Submitted to LFC by Lake County resident
Iowa Gov. Kim Reynolds signs historic school choice bill: ‘We will fund students not systems’
By Joshua Q. Nelson is a reporter for Fox News Digital.
Iowa is the third state to pass a school choice measure that expands to every student in the state.
Gov. Kim Reynolds, R-Iowa, joins ‘Fox & Friends Weekend’ to discuss her state’s push for school choice and the advancement of the ‘Iowa Students First Act.’
Iowa Gov. Kim Reynolds signed an unprecedented school choice bill called the Students First Act on Tuesday, allowing any Iowa student to use public money to pay for private school tuition or other expenses.
“For the first time, we will fund students not systems!” Reynolds said on Twitter.
“Parents, not the government, can now choose the education setting best suited to their child regardless of their income or zip code. Iowa has affirmed that educational freedom belongs to all!”
After the Students First Act was passed, Iowa is now the third state to pass a school choice measure that expands to every student in the state.
Gov. Kim Reynolds just signed an unprecedented school choice bill on Tuesday, allowing any Iowa student to use public money to pay for private school tuition or other expenses.
“This is one of the best vehicles for providing families with more options, since parents can use the ESAs for private school tuition, tutoring, textbooks, curricular materials, special-needs therapy and more. We’ve already seen success from ESAs in Arizona,” Jason Bedrick, a research fellow in the Center for Education Policy at The Heritage Foundation, told Fox News Digital.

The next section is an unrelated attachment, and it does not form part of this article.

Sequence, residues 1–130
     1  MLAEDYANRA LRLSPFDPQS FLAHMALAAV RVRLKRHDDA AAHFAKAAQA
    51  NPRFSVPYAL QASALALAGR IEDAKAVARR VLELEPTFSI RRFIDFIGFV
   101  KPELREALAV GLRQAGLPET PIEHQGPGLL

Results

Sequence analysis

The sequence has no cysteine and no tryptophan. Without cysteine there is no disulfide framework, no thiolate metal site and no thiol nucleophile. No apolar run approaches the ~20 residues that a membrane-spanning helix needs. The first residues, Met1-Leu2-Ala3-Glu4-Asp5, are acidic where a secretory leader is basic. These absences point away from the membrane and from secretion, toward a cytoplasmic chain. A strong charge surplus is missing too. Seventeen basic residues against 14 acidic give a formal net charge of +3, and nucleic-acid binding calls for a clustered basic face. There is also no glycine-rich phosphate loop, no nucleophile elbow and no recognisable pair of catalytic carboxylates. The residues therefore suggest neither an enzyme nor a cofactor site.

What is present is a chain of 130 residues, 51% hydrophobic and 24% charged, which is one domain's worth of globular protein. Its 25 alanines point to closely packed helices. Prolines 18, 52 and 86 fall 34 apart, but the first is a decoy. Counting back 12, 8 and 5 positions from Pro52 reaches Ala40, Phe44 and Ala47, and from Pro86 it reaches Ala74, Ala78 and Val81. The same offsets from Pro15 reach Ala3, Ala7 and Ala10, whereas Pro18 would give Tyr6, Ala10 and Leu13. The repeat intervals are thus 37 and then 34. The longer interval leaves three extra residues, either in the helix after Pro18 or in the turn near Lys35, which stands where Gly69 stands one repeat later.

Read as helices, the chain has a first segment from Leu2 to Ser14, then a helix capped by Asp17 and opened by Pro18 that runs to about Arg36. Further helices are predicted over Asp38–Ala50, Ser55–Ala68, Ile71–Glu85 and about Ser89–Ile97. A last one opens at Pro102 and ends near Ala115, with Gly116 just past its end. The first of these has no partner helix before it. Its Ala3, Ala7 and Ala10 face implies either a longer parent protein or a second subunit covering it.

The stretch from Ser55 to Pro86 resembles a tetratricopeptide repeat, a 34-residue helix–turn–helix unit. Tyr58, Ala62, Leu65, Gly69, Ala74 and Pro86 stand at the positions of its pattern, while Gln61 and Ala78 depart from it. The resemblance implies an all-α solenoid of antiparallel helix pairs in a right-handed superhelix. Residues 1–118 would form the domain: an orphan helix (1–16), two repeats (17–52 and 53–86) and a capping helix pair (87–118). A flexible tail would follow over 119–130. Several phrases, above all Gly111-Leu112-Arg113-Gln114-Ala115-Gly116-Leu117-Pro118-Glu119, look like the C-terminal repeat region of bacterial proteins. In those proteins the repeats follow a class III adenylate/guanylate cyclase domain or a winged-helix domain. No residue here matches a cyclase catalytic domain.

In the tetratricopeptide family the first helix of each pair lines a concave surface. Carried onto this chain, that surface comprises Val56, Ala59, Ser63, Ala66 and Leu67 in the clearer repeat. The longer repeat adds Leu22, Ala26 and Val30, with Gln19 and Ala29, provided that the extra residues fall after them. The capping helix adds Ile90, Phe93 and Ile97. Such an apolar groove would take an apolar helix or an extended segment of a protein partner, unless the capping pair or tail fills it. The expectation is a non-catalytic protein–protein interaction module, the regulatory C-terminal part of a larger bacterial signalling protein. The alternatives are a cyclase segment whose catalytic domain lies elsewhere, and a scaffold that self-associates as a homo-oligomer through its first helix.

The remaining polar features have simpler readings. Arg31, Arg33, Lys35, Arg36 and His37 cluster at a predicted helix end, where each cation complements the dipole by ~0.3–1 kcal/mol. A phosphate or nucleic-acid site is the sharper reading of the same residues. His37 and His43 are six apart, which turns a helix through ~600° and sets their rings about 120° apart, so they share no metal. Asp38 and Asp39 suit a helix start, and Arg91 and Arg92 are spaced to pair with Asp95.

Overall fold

“Although Iowa is the 3rd state to pass universal school choice, it is the state with the heaviest foot on the accelerator. Although Arizona was first state to pass school choice for all families last year, their program had been around for over a decade. Gov. Reynolds just signed into law a program that includes most families in its first year and automatically expands to all families after two years,” American Federation for Children Senior Fellow Corey DeAngelis told Fox News Digital.
The latest example of a significant passing of school choice legislation happened in Arizona under Gov. Doug Ducey, who signed the most “monumental” education savings account program in the United States.
Arizona became the first state in the nation to pass education scholarship accounts, expanding the program to all 1.1 million K-12 students in the state. Other red states followed suit pushing school choice legislation.
A similar bill passed in the Florida House of Representatives. A coalition of school choice proponents signed a letter that urges Florida lawmakers to pass an unprecedented education savings account bill.
School choice became a salient issue after the COVID-19-induced lockdowns sparked a conversation on the scope of the government’s authority and the type of content that should be taught to children from public school curricula. (iStock)
Those who signed the letter include 11th U.S. Secretary of Education Betsy DeVos, Rep. Byron Donalds, R-Fla., Moms For Liberty, Libs of TikTok, Karol Markowicz, Parents Defending Education President Nicole Neily, Young Americans For Liberty, and many more.
Private school choice, or providing all families with alternatives to the public schools they’re zoned for, can be expanded through multiple avenues at the state level, including school voucher programs, tax-credit scholarship programs, individual tuition tax credit programs and deductions, and education savings accounts. Charter schools, magnet schools and homeschooling are also forms of school choice programs.
U.S. Education Secretary Betsy DeVos listens during a coronavirus disease (COVID-19) pandemic response event about reopening schools hosted by U.S. President Donald Trump in the State Dining Room at the White House in Washington, U.S., August 12, 2020. REUTERS/Kevin Lamarque (REUTERS/Kevin Lamarque)
School choice became a salient issue after the COVID-19-induced lockdowns sparked a conversation on the scope of the government’s authority and the type of content that should be taught to children from public school curricula.
Joshua Q. Nelson is a reporter for Fox News Digital.